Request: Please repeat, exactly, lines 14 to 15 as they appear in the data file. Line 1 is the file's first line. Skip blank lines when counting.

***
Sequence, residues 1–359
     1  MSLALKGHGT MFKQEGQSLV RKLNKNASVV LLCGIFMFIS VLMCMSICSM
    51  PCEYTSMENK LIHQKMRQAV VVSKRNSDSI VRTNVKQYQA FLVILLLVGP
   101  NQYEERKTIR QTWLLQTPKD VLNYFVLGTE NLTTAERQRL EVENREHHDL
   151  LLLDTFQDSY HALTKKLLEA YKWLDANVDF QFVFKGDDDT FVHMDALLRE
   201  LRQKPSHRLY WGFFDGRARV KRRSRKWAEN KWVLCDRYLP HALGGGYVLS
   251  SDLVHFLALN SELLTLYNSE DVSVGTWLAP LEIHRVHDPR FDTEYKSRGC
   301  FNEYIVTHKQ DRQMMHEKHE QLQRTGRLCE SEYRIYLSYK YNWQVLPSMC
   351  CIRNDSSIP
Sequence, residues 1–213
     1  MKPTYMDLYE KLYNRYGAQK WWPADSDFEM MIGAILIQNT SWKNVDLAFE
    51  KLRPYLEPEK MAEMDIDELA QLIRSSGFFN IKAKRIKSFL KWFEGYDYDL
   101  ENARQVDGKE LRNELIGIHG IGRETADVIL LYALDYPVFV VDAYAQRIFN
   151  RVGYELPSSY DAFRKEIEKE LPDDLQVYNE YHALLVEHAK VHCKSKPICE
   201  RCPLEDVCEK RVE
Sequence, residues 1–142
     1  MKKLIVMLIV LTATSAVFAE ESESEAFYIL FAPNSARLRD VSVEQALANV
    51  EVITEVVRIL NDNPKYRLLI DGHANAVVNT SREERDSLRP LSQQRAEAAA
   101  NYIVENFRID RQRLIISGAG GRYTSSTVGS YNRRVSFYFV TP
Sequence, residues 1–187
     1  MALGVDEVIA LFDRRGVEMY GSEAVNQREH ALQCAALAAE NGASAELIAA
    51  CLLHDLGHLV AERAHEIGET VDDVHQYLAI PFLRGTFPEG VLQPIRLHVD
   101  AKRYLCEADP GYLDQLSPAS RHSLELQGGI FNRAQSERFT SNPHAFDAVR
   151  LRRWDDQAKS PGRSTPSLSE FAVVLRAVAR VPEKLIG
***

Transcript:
   151  RVGYELPSSY DAFRKEIEKE LPDDLQVYNE YHALLVEHAK VHCKSKPICE
   201  RCPLEDVCEK RVE